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you tube-- wire tie motorcycle tire change-- also going to be hard to find car tire shop that will do motorcycle tires
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post #6 of 31 Old 04-22-2019, 10:16 AM
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When I was young, I used to do all my own tire work. That bike was a 175cc.... I'm not sure how how different the 300 would be. To break the bead, I put the edge of the tire under the back wheel of a car and had a buddy back over it while I was standing on it (be careful not to run over the rim). A buddy of mine used to set a bottle jack on the tire bead, put the jack and tire under his truck and the jack it up to break the bead.


I used to balance the tire on the bike, but I've been thinking of using a step ladder and figuring out how to mount a "axle" to that for balancing (I'm spaced challenged and redneck qualified..... )


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Former Rides: 1971 Honda CT90, 1973 Honda CB175, 1978 Yamaha XS650, 1981 Honda CM200T, 1983 Yamaha XJ650 Turbo,1983 Honda VF750S, 1985 Kawasaki GPZ550, 1989 CBR600F1, 2006 Yamaha TW200, 2006 Suzuki GZ250, 2014 Honda CTX700N
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post #7 of 31 Old 04-22-2019, 12:43 PM
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I've gotten older, but not necessarily wiser. So, I'm still changing my own tires. I'd try the "car backing over" deal, but all my buddies have died of old age. And, I wouldn't trust my wife to back up the car while I'd be in a vulnerable position in close proximity to her aim. Sometimes, us old guys just have to be creative. So, I,ve found a largish "C-clamp" does a nice job of breaking the tire from the bead. Then the grunting/groaning begins.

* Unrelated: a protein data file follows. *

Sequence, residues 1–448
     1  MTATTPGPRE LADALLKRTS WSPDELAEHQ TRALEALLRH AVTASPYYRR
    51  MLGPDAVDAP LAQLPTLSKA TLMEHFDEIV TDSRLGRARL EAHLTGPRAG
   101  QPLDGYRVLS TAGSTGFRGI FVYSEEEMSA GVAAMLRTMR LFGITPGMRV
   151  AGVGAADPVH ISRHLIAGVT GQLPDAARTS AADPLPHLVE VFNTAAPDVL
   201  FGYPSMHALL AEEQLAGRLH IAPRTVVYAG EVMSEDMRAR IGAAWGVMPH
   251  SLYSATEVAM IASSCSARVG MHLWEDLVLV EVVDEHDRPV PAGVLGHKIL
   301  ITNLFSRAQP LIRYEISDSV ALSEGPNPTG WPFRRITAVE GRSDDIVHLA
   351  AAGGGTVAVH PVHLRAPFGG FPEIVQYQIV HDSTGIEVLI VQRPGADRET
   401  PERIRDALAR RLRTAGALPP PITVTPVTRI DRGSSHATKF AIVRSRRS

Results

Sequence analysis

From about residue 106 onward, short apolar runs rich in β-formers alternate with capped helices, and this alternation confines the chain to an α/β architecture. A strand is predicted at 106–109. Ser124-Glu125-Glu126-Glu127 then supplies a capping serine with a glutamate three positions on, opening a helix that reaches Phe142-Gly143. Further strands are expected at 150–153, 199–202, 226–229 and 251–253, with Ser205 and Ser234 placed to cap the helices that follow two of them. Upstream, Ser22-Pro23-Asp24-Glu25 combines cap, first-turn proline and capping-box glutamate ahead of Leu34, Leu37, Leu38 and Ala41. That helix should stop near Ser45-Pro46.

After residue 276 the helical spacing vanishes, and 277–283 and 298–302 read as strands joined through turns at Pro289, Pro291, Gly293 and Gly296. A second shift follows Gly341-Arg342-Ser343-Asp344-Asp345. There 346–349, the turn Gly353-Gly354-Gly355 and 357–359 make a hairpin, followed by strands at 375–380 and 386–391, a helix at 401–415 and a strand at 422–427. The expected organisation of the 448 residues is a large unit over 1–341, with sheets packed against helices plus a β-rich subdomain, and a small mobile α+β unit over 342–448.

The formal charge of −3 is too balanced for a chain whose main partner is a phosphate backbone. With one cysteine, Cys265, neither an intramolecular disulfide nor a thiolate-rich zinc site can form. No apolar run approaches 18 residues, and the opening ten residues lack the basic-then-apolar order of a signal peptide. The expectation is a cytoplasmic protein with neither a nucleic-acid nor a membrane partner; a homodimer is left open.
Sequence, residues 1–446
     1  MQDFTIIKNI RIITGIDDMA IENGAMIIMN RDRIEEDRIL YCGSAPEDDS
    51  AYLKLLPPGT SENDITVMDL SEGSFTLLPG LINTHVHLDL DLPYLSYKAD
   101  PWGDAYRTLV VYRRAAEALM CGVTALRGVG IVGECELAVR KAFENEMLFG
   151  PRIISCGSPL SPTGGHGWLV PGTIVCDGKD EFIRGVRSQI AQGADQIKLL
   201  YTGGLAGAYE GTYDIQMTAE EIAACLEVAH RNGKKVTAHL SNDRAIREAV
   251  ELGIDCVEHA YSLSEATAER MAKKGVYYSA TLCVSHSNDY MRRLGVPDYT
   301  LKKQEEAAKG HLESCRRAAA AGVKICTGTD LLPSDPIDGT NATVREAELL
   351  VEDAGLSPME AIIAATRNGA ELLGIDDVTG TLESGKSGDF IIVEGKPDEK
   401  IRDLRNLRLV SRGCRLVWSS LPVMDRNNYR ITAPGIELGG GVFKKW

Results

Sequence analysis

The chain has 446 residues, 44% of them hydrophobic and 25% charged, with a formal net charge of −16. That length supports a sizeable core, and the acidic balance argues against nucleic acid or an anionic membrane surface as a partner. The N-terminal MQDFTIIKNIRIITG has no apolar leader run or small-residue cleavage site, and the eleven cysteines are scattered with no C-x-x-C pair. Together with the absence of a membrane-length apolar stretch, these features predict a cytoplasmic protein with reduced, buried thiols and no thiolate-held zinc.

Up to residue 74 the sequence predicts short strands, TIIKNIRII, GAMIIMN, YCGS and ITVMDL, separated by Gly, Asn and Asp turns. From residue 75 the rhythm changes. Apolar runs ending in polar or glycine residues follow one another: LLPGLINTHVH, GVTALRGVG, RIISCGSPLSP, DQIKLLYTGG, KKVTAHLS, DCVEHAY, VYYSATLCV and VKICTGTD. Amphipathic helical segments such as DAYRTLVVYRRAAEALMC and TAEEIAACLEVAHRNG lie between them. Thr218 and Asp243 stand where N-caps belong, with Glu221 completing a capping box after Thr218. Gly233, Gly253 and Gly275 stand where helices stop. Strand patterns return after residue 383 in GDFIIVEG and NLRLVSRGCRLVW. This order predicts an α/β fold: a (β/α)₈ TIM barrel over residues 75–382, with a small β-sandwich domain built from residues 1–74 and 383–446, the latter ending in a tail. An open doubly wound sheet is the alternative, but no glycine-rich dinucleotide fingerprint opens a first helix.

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post #8 of 31 Old 04-22-2019, 02:37 PM Thread Starter
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C-clamp sounds like a good method to try!

$10 a tire to mount+balance is a great deal. I did have a back alley tire place where I grew up that charged that rate, but double that is typical in my more recent experience.

One common point of feedback on the Shinkos is that they wear quickly (5-7.5k miles instead of 7k+), so that was another tick for getting the equipment to DIY.

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post #9 of 31 Old 04-22-2019, 04:16 PM
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I take the wheel and new tyre to my local branch of a national tyre shop and they change them for me. They do it for free because they supply and fit tyres for my motorhome, my 4x4 and my wife's 2 cars. For balancing I use Dynabeads. Pour them in through the valve stem then screw in the valve. They balance the tyre dynamically as it revolves. I used them in my Deauville too and they save all the trouble with weights. Look them up on their website. They are re-useable, just collect them out of the old tyre when it is removed and pour them into the new. They are very small ceramic beads.
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post #10 of 31 Old 05-10-2019, 12:46 AM Thread Starter
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Quote:
Originally Posted by motorboy View Post
you tube-- wire tie motorcycle tire change-- also going to be hard to find car tire shop that will do motorcycle tires
I finally watched the videos, and yep! Looks like a great method for getting the tires off/on the wheel. My next reply will be reporting back on how the process went and initial thoughts on the Shinkos.